Any advice on getting 17 yr old up please

(49 Posts)
babyface Thu 08-Sep-16 09:09:24

12 year old dd has recently started the same school as her 17 year old brother. Her assembly is at 8.45, his is at 8.50. We are 5mins drive (on narrow country roads with no buses) away. She wants to get to school at 8.30. He gets up at approx 8.42!! And is pure evil in the mornings. I would also worry that left to his own devices that he just wont go to school-we just have to get thru to may! Any help avoiding morning meltdowns appreciated!

VioletBam Thu 08-Sep-16 09:10:45

Why are you driving them such a short distance? Can't he cycle? I understand you perhaps wanting to drive the younger one whilst she's getting used to things perhaps....but a 17 year old being driven that far to school?

I think that's where your problem lies to be honest.

Make him take responsibility

123MothergotafleA Thu 08-Sep-16 09:14:00

Bucket of cold water.....?

emilywemily Thu 08-Sep-16 09:14:27

I imagine the roads are 60 roads wouldn't want my kids walking along them

FeckinCrutches Thu 08-Sep-16 09:16:00

So he is making you late every morning?

RJnomore1 Thu 08-Sep-16 09:16:30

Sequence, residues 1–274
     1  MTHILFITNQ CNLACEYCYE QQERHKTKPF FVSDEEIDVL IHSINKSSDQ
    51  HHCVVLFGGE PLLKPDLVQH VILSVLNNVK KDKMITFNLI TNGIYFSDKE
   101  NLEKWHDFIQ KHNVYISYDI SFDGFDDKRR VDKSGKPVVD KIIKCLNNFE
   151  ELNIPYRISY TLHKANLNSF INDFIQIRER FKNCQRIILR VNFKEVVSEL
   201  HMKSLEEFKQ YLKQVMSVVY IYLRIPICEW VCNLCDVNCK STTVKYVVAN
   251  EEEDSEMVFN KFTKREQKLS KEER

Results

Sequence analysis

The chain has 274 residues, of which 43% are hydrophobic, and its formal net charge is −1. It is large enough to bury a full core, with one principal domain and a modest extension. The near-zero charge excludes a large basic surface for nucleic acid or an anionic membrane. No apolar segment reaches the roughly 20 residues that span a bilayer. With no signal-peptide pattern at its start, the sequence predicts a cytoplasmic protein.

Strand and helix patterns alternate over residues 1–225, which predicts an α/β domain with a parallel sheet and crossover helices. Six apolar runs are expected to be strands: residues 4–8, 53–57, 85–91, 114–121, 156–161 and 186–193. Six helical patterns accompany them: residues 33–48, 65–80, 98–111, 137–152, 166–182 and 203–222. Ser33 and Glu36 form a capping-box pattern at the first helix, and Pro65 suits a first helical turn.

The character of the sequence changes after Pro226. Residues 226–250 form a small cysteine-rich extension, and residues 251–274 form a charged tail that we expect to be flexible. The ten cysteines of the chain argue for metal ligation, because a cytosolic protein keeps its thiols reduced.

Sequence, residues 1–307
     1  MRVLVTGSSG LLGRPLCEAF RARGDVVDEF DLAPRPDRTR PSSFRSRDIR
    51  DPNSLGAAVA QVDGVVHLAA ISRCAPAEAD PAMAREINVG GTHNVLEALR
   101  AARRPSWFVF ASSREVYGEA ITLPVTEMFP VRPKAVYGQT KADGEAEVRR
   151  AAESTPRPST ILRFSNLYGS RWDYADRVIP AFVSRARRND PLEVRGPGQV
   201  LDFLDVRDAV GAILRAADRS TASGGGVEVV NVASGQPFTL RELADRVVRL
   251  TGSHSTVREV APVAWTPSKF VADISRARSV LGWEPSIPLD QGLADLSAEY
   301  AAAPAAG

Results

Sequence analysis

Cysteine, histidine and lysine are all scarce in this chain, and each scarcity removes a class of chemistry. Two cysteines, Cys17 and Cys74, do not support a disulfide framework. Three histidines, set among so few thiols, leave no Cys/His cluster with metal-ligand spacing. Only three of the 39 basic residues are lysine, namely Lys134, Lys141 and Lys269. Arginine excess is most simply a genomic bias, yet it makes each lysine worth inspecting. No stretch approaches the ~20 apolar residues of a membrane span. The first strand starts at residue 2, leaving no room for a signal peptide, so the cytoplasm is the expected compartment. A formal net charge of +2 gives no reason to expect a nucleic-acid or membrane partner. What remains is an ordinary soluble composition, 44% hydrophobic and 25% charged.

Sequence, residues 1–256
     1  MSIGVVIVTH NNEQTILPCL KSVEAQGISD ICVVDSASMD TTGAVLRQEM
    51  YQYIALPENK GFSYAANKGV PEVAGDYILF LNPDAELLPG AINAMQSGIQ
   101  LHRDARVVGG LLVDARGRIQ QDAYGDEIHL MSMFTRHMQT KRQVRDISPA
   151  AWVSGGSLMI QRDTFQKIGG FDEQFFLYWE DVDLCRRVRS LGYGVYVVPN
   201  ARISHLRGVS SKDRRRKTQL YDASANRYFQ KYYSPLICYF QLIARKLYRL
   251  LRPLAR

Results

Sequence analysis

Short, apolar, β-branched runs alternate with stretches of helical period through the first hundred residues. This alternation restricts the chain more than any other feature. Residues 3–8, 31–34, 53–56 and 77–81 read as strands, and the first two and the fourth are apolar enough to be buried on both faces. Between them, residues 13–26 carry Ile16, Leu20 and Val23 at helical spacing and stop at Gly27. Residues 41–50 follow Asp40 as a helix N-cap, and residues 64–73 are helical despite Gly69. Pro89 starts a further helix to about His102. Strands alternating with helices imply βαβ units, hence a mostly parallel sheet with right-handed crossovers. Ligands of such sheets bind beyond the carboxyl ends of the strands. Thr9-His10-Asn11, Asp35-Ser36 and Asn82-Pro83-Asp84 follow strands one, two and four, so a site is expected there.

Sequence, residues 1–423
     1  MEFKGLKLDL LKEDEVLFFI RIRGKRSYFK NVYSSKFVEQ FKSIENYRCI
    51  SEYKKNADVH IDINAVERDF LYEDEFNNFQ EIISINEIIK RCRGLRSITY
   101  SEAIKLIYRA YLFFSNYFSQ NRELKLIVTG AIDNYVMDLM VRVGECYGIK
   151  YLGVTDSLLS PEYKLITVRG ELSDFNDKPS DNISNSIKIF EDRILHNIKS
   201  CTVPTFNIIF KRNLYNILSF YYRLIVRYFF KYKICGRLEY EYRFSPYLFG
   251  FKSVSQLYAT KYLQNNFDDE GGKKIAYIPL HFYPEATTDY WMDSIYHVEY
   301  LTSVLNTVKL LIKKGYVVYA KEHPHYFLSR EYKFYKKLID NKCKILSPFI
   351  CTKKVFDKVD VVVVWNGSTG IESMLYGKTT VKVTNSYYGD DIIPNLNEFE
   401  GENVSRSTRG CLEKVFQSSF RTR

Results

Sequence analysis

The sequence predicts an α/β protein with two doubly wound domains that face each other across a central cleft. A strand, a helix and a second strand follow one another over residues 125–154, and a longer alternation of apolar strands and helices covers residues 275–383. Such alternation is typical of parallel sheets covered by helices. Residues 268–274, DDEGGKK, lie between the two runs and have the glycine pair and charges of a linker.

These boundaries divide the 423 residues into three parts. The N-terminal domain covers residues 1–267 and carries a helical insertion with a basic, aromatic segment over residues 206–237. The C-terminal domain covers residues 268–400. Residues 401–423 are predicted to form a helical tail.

I'd absolutely leave him. One reminder then that's it, why should your dd suffer?

And if he didn't go to school id be changing the wifi code, removing console controllers, stopping any financial input, not buying treat foods - whatever he enjoys about life basically.

I do have an almost 17yo dd and it frustrates me horribly, at that age dh abd I both had full time jobs and contributed to household expenses, they don't have a decking clue do they?

VioletBam Thu 08-Sep-16 09:24:49

Emily OP says they're narrow country roads.

FrancisCrawford Thu 08-Sep-16 09:27:02

Leave without him.
Let him suffer the consequences.

He's 17, so not a kid. He need to learn to start acting like an adult and this is an excellent place to start.vif he wants the privileges of being an older teen (eg later curfew) then he has to accept the responsibilities too. Starting with getting up in sufficient time to leave when the driver is leaving.

My sibling was like this and my mother enabled it. She said "oh, that's just how she is! She's disorganised, she just needs a bit more help" etc. Nope, she just didn't care about anyone else.

it has left me with a phobia of being late, to the point of panic attacks. I'm also habitually early for appointments and will longer outside, go get a coffee for 15 mins etc.

And my sibling is still self-obsessed. It was too much effort for her to come to mums funeral this summer.

yeOldeTrout Thu 08-Sep-16 09:30:36

Drive her up, drop her off, back home to fetch him & charge him for your time & petrol on 2nd journey.

Is he in year 13? What does he want to do after yr13?

yeOldeTrout Thu 08-Sep-16 09:31:18

... who was it on MN, woke her teens up with a steaming cup of tea thrust into their hands. They either sat up & dealt with it or got burnt.

GetAHaircutCarl Thu 08-Sep-16 09:34:00

I open the door, turn on the light and leave cups of tea outside their rooms.